“What’s this about Scarlet?” Daring interrupted.

“She..she mentioned that she needed to do something to stop her,” Fluttershy stammered. “She said that if nopony else was going to do something, she would.”

“Fuck,” Daring muttered, then flew westward at her top speed, wind whistling past her ears.

“One of these days, you’re going to have to start carrying airsickness bags!” Phillip yelled, squeezing his eyes shut and holding onto his hat with one hoof.


It was a well-established fact that Scarlet Letter lived in a small cottage in the northwestern borders of Ponyville, not too far from the farmlands, but close enough to the city to still be a part of the richer part of the city. The single-story house was painted in faint reds and pinks, and a single lamppost stood post next to the walkway to the door, throwing a warm glow against the front of the building. The curtains were drawn and the lights were out, setting the building in a peaceful scene.

A figure dressed in a black hooded sweatshirt dove down from the clouds and alighted in the backyard. It crouched, fluttering its blue wings and panning its hooded head from side to side. Seeing nopony, it crept over to the backdoor, the boards of the porch creaking quietly beneath their weight. They reached for the doorknob with a hoof.

Without warning, a great weight dropped upon the intruder and wrestled them away from the door, clamping a hoof over their mouth. The would-be burglar struggled, letting out a string of muffled curses, but all in vain. The second interloper dragged them back to a low-hanging cloud and tossed them onto it, pinning them down.

“Are you fucking insane?!” Daring barked at Rainbow Dash.

“Let go!” Rainbow shouted, struggling beneath her. “Why are you stopping me?!”

“Because you were about to get yourself arrested or killed!” Daring said, getting off of Rainbow.

Rainbow Dash grunted and stood up, rubbing the foreleg that Daring had twisted behind her. “I’ve heard about what you said about Scarlet,” she stated, frowning at Daring. “And I know she’s been involved in that hit and run of that rich author or whatever. We both know she’s involved in something. This could be our chance to prove it!”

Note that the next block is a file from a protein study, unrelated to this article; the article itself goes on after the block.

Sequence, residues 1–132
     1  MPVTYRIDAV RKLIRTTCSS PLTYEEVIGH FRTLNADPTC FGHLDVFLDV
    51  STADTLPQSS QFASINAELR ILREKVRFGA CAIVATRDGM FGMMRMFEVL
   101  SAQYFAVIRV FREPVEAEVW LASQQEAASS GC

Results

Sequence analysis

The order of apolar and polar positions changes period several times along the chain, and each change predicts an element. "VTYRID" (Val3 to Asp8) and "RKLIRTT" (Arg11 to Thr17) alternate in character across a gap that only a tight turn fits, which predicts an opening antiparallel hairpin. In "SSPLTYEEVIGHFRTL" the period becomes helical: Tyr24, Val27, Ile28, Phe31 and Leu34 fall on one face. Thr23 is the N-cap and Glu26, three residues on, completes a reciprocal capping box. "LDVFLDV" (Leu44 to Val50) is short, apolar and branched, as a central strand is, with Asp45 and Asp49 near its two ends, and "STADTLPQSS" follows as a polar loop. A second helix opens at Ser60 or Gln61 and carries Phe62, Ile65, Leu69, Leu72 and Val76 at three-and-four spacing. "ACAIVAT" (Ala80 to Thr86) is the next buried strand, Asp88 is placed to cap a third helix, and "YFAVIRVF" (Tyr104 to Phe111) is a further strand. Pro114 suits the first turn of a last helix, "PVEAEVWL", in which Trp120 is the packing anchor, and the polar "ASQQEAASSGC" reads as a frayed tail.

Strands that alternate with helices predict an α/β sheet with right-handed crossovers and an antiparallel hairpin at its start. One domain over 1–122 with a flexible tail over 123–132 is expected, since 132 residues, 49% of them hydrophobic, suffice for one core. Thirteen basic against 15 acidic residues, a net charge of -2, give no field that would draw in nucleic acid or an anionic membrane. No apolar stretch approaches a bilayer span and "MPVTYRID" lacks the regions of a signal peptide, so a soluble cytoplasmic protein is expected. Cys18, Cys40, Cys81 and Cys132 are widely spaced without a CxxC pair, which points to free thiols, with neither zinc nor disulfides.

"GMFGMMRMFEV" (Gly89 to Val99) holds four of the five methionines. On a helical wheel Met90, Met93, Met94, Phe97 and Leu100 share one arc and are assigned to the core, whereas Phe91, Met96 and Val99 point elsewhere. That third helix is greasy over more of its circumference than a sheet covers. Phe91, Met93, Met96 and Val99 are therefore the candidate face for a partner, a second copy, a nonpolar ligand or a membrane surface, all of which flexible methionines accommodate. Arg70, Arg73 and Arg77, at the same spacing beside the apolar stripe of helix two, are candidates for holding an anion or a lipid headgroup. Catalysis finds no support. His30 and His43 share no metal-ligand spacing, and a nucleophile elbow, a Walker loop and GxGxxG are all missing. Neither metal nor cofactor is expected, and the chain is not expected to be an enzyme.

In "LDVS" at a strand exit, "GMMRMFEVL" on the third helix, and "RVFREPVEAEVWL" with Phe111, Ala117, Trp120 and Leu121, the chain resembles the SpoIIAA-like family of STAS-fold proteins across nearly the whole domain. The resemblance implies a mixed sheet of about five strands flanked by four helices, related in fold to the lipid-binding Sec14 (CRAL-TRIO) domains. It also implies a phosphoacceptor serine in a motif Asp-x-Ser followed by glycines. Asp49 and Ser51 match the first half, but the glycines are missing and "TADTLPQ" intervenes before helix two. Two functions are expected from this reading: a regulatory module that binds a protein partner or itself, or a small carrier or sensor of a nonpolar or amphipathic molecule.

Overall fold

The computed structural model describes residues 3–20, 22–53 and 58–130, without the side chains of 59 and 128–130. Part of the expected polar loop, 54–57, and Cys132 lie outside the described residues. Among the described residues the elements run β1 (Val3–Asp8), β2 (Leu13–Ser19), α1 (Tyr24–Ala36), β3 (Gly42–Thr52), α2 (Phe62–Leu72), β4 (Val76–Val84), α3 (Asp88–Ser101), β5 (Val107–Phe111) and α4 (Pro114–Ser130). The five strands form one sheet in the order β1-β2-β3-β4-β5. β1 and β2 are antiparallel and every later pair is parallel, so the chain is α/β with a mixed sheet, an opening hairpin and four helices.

“By doing what?” Daring said. “Committing breaking and entering?”

“But—” Rainbow Dash started to protest, then her eyes lit up. “We could do it together! You and me, taking on the bad guys, fighting for just—”

“No,” Daring said firmly. “We are not doing this.”

“Why not?” Rainbow Dash asked, looking bewildered.

“Because it’s wrong, it’s stupid, it’s dangerous, and I said no,” Daring stated. “Go home, kid.”

Rainbow stared at Daring for a moment, then scowled. “What’s stopping you? She’s the bad guy, you’re the good guy! We have to stop her!”

Daring sighed and facehoofed. “Breaking and entering isn’t gonna solve anything. It’s just gonna get us in more trouble.”

Said the pony who broke into Silvertongue’s mansion, and was talking about doing this exact same thing, a little voice whispered in the back of her head. Hi, pot! I’m the kettle!

“But you’re Daring Do!” Rainbow Dash protested. “You’re an adventurer, a crimefighter! You’re not scared of her, are you?”

“I’m not, but…” Daring frowned at Rainbow. “Kid, you’re smarter than this,” she said, her tone one of heavy reproach. “What the hell were you thinking, trying something like this?”

Rainbow’s eyes widened as though she’d been stabbed, then her head lowered and her ears flattened against her head. Daring tilted her head slightly, a note of concern pushing its way into her anger and frustration.

“Look, kid, there’s something else going on here, isn’t there?” she asked.

Rainbow Dash sighed and sat down on the cloud. “I hear about you all the time,” she said. “So many stories about how adventurous and cool you are, how you never give up when things get hard. I mean, you stopped Tinderspark, you took down Monopoly and Silvertongue...remember when I helped you out with Monopoly?”

“Yeah,” Daring nodded, a small smile tugging at the corner of her mouth. “That was pretty cool.”

“It was!” Dash said. “You charged right in there, knowing how dangerous it’d be, and you got everypony out safely! We worked together on that! It was...so awesome! And I…” She sighed and looked down. “I wanted more. I wanted to be more like you.”

Daring felt her jaw drop slightly; the cursed brand suddenly felt strangely cold, an odd numbness spreading up her arm. A cloud over their head moved aside to reveal the waxing crescent moon; in its glow, Daring suddenly noticed the purple bruises across Rainbow Dash’s jaw.